8 expert tips for organizing your home before the holidays
By Aimee Heckel
As the stringy cobwebs fill our front porches and spirited pumpkins shed impossible-to-sweep-up glitter across the kitchen floor (seriously, can you ever fully recover after a glitter spill?), parents everywhere are reminded: the holidays are coming.
And they’re bringing with them clutter. And stress.
The Halloween mess — with its plastic spiders and pumpkin guts and craft projects — kicks off a period of seasonal decor, entertaining and money-spending.
The next few months can either wreak havoc on your home’s organization and peacefulness, or you can meet the season head-on with a plan — and spend your time this fall and winter enjoying the holidays, not just wrestling them.
Joanna Monahan is a “liberator” (that’s code for professional organizer) with Major Mom, a women-owned, Colorado-based professional organizing company that specializes on helping families declutter and organize their homes.
Here’s a taste of Monahan’s professional advice on how to preempt the holiday chaos and create a strategic plan, so you can spend more time enjoying your family this season.
1. Before you do anything, declutter.
“We, as Americans, have too much stuff,” Monahan says. “It’s nearly impossible to lay your hands on the things that you need when you need them, because there’s so much stuff everywhere.”
Take time to analyze what is important to your family. Consider getting help from a professional organizer, like Major Mom (which also offers remote consultations). Donate the things you don’t need to a family in need.
Especially after a natural disaster, like the floods in Colorado, many families are entering the holidays with nothing to their name. Helping others out can help ease your own guilt of getting rid of things you don’t need or use. That may includes gifts and objects with sentimental value. It’s OK to let them go, especially if they’re going to a better home.
2. Understand organization. Organization doesn’t mean maintaining a perfect, magazine-worthy home. It means creating realistic systems that let you find what you need when you need it.
3. Tackle holiday decor, one holiday at a time. Gather all of the decorations you have for the next, upcoming holiday. Bring all of the decorations into one place and sort them into categories. For Christmas, that may be ornaments, lights, gift wrap, outdoor decor, table linens.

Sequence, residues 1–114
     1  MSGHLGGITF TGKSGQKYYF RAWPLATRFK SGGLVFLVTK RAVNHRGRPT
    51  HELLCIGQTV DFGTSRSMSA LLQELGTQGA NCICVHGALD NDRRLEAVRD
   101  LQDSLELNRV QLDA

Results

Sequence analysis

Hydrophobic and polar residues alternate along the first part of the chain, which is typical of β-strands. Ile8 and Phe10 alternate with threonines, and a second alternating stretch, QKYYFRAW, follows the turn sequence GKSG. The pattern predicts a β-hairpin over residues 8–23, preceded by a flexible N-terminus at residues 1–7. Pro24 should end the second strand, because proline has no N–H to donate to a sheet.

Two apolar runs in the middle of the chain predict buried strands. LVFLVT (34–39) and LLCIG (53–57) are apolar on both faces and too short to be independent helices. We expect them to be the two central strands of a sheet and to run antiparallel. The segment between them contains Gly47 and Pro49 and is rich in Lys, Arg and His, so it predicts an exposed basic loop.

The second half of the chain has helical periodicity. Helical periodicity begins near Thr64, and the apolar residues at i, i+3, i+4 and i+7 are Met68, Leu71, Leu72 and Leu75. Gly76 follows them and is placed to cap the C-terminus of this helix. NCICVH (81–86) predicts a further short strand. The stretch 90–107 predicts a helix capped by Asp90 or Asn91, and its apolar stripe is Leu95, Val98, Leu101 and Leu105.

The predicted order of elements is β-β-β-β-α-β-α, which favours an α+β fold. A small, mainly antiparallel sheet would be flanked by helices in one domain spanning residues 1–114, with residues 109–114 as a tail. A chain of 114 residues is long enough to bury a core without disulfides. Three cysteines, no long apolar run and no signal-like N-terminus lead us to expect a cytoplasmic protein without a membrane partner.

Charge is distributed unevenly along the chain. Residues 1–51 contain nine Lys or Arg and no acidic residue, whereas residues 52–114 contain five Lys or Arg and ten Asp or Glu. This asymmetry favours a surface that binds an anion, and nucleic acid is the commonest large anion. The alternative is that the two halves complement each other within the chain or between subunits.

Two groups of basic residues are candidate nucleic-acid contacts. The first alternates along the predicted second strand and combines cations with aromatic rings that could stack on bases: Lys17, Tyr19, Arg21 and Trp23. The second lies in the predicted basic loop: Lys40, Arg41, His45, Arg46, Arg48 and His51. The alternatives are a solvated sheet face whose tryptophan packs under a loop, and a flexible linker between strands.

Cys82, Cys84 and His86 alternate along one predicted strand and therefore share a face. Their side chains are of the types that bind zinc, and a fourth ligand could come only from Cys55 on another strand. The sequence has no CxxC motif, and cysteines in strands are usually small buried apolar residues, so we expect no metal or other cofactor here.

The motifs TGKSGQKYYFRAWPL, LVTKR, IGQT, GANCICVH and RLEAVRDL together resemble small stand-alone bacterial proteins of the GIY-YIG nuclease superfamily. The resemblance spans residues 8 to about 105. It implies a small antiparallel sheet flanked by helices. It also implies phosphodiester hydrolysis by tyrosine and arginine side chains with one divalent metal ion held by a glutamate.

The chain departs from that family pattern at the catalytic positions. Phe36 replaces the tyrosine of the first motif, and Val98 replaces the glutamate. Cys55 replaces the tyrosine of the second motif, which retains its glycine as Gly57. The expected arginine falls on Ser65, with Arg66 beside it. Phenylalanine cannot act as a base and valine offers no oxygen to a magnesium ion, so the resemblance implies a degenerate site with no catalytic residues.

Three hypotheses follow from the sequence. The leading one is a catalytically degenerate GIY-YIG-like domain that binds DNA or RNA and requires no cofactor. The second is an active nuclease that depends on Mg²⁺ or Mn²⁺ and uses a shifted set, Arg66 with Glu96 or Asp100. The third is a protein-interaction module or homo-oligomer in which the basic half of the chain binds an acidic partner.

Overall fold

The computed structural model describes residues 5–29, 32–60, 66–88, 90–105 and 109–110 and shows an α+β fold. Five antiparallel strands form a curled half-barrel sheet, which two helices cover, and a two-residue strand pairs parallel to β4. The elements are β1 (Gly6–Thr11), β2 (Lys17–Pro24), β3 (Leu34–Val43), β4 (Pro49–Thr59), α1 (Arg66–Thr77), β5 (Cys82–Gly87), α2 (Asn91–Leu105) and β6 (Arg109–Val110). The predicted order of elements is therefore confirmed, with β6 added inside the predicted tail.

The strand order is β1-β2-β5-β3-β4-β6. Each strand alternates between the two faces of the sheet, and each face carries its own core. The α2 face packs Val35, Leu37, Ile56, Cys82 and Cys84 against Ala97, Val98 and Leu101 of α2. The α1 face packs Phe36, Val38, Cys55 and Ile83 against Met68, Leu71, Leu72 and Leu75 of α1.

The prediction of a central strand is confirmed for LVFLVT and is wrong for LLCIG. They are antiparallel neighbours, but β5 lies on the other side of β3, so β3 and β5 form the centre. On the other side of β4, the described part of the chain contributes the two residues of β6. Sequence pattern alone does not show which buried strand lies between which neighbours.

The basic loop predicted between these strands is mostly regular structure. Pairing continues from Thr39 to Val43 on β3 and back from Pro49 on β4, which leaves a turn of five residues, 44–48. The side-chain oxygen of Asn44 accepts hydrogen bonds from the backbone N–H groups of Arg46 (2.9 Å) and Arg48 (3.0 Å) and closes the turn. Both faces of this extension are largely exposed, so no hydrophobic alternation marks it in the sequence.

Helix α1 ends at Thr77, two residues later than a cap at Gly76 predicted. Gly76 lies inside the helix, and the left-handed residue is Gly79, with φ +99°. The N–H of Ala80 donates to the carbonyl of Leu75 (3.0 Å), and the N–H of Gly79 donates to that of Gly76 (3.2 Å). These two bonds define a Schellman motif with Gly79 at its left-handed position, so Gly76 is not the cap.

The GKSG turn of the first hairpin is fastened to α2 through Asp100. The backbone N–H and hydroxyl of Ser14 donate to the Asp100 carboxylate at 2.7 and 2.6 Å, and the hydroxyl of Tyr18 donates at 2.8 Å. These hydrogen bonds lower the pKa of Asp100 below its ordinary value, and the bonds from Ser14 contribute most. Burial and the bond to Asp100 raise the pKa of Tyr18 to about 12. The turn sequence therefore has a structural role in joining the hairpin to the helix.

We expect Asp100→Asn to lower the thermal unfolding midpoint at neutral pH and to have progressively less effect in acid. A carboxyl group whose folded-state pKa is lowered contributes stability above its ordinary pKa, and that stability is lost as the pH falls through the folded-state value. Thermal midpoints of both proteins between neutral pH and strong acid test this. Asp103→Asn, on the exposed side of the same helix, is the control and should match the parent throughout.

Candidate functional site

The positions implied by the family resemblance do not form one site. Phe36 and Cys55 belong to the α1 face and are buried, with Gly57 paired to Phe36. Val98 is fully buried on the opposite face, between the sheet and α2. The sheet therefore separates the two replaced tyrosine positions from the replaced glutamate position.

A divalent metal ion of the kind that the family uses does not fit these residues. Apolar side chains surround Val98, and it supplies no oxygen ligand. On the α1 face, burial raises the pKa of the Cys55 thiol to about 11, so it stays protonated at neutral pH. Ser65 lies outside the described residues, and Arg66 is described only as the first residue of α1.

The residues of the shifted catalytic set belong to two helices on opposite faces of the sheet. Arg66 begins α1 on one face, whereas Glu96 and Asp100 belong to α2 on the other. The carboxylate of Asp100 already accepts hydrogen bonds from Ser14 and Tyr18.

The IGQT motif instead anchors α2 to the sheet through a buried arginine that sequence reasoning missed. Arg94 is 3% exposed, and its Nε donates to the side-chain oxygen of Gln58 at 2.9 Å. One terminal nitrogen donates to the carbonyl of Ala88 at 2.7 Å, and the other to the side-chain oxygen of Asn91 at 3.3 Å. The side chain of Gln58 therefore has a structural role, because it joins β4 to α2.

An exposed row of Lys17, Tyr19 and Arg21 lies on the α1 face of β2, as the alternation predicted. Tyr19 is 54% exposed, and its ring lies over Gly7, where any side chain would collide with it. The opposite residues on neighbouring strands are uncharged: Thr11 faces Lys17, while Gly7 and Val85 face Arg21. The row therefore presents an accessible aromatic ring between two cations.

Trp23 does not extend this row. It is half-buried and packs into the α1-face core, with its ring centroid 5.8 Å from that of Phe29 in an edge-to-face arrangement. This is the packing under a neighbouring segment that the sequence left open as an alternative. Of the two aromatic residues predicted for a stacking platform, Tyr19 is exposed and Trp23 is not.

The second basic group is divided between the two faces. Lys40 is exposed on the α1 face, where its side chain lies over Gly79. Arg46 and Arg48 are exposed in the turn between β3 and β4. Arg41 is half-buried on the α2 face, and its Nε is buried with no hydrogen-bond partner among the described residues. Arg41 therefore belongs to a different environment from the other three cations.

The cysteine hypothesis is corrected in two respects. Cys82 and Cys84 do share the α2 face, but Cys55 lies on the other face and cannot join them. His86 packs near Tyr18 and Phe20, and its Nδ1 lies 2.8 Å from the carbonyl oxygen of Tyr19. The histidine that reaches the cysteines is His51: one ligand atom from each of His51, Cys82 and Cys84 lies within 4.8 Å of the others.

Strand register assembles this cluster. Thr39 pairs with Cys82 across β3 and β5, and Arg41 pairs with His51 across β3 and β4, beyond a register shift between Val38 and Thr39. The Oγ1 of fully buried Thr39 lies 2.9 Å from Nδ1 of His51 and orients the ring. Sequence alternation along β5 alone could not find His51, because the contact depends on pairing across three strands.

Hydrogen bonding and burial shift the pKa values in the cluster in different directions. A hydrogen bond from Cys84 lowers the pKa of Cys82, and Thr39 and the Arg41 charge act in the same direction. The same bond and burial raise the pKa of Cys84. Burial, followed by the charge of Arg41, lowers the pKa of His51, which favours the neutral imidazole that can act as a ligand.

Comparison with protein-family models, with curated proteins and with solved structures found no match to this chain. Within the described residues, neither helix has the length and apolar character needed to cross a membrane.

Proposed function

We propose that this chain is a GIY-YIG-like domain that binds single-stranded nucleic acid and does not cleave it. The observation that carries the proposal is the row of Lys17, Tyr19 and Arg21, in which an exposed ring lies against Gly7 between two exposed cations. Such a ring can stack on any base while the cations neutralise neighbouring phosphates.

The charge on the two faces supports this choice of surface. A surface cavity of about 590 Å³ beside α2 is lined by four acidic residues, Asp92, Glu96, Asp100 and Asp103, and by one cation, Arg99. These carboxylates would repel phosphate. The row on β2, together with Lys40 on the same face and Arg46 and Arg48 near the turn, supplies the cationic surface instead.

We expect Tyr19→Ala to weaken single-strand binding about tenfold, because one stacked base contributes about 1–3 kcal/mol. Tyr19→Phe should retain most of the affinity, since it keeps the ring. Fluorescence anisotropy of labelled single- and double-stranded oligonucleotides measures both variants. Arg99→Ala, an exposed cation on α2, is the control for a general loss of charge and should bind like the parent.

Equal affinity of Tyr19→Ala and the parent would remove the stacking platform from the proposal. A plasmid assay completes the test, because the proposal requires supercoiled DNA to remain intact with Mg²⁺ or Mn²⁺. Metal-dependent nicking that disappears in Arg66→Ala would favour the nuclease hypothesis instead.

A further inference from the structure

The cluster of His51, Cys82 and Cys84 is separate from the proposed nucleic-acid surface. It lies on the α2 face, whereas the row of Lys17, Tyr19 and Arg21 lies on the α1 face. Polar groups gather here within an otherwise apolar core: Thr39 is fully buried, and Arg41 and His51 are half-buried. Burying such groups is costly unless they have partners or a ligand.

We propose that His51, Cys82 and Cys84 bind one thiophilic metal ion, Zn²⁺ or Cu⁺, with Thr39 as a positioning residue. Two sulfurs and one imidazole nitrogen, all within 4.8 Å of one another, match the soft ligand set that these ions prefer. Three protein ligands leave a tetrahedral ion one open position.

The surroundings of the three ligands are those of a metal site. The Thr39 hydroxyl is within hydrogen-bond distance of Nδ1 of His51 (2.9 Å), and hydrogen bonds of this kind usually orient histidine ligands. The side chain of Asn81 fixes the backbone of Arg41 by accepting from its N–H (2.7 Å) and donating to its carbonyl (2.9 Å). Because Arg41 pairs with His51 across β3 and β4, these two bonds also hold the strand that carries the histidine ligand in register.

4. Take inventory of what you have, what’s broken and what (if anything) you need. Keep a running list of things you need to buy on sale after the holiday, when everything is discounted, or before the season next year. Donate or discard things that you don’t need or are broken.
5. Get large plastic bins. Monahan prefers Steralite or Rubbermaid bins. Color-code them: red or green for Christmas, orange for Halloween, or pick clear bins so you can see inside them. Pack up your decor by category. That might mean all of the outdoor lights go in one bin in the garage, and the mantel decor goes in another in the basement.
Label what’s inside all of the bins.
Monahan also recommends never storing bins on the floor, in case of a flood or unexpected water.
6. Consider labeling one box “open first.” This will be the first box you need to open for each holiday. For Christmas, it could include the card mailing list, ornament hooks, the tree skirt and lights — the things you need to access first. This gives order to your decoration process.
7. If you decide to shop the sales after the holiday, have a plan. Know what you want to buy for whom or what exact purpose — and where you are going to store it until next season.
8. Slow down: You don’t have to do everything at once. It’s easy to get overwhelmed. Start small. But keep moving.
Did you know?
Being organized (see definition above) can save you money.
No more duplicate purchases or fixing items that get broken because they’re not properly taken care of. According to the American Cleaning Institute, Americans, on average, spend 55 minutes a day looking for things they know they own, but can’t find.
“That’s almost seven hours a week looking for things,” Monahan says. “It’s costing you time and money to replace those items and money on storage and space.”
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